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      Node.js async_hooks 钩子回调 init

      Node.js async_hooks 钩子回调 init

      钩子回调

      Key events in the lifetime of asynchronous events have been categorized into four areas: instantiation, before/after the callback is called, and when the instance is destroyed.

      init(asyncId, type, triggerAsyncId, resource)

      • asyncId < number> A unique ID for the async resource.
      • type < string> The type of the async resource.
      • triggerAsyncId < number> The unique ID of the async resource in whose execution context this async resource was created.
      • resource < Object> Reference to the resource representing the async operation, needs to be released during destroy.

      Called when a class is constructed that has the possibility to emit an asynchronous event. This does not mean the instance must call before/after before destroy is called, only that the possibility exists.

      This behavior can be observed by doing something like opening a resource then closing it before the resource can be used. The following snippet demonstrates this.

      require('net').createServer().listen(function() { this.close(); });
      // OR
      clearTimeout(setTimeout(() => {}, 10));
      

      Every new resource is assigned an ID that is unique within the scope of the current Node.js instance.

      type

      The type is a string identifying the type of resource that caused init to be called. Generally, it will correspond to the name of the resource’s constructor.

      FSEVENTWRAP, FSREQWRAP, GETADDRINFOREQWRAP, GETNAMEINFOREQWRAP, HTTPPARSER,
      JSSTREAM, PIPECONNECTWRAP, PIPEWRAP, PROCESSWRAP, QUERYWRAP, SHUTDOWNWRAP,
      SIGNALWRAP, STATWATCHER, TCPCONNECTWRAP, TCPSERVERWRAP, TCPWRAP, TIMERWRAP,
      TTYWRAP, UDPSENDWRAP, UDPWRAP, WRITEWRAP, ZLIB, SSLCONNECTION, PBKDF2REQUEST,
      RANDOMBYTESREQUEST, TLSWRAP, Timeout, Immediate, TickObject
      

      There is also the PROMISE resource type, which is used to track Promise instances and asynchronous work scheduled by them.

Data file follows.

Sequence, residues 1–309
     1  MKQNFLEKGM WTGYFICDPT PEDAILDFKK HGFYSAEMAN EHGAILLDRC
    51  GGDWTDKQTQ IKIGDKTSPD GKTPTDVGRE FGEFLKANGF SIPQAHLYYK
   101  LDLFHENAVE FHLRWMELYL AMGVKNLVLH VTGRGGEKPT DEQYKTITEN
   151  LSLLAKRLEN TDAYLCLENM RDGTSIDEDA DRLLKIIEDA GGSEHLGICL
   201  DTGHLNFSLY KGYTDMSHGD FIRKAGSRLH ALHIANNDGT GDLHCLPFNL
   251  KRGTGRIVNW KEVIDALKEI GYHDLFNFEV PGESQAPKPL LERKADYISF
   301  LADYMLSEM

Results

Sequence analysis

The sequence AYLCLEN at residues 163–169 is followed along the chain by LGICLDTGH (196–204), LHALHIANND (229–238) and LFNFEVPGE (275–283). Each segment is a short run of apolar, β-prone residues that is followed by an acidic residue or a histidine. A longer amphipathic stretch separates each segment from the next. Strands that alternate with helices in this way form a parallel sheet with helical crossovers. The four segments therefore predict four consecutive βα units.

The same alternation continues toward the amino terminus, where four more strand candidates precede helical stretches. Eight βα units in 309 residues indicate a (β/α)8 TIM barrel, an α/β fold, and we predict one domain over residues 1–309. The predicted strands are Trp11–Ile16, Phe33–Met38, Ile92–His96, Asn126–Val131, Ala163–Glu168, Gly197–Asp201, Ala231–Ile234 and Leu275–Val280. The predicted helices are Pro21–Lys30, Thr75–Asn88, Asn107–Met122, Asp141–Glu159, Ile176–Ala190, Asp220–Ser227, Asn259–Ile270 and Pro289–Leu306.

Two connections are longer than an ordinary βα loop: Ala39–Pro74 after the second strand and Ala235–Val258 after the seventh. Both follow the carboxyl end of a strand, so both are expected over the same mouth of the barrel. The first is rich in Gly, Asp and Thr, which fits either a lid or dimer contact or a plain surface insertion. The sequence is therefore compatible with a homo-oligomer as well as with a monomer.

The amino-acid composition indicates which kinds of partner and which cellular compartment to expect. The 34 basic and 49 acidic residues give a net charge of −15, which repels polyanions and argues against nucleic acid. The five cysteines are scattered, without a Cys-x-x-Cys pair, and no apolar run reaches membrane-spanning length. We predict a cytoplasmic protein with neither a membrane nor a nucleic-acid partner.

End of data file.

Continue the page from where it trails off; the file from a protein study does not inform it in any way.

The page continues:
Users are able to define their own type when using the public embedder API.

      It is possible to have type name collisions. Embedders are encouraged to use unique prefixes, such as the npm package name, to prevent collisions when listening to the hooks.

      triggerAsyncId# triggerAsyncId is the asyncId of the resource that caused (or “triggered”) the new resource to initialize and that caused init to call. This is different from async_hooks.executionAsyncId() that only shows when a resource was created, while triggerAsyncId shows why a resource was created.

      The following is a simple demonstration of triggerAsyncId:

      async_hooks.createHook({
        init(asyncId, type, triggerAsyncId) {
          const eid = async_hooks.executionAsyncId();
          fs.writeSync(
            1, `${type}(${asyncId}): trigger: ${triggerAsyncId} execution: ${eid}\n`);
        }
      }).enable();
      
      require('net').createServer((conn) => {}).listen(8080);
      

      Output when hitting the server with nc localhost 8080:

      TCPSERVERWRAP(5): trigger: 1 execution: 1
      TCPWRAP(7): trigger: 5 execution: 0
      

      The TCPSERVERWRAP is the server which receives the connections.

      The TCPWRAP is the new connection from the client. When a new connection is made, the TCPWrap instance is immediately constructed. This happens outside of any JavaScript stack. (An executionAsyncId() of 0 means that it is being executed from C++ with no JavaScript stack above it.) With only that information, it would be impossible to link resources together in terms of what caused them to be created, so triggerAsyncId is given the task of propagating what resource is responsible for the new resource’s existence.

      resource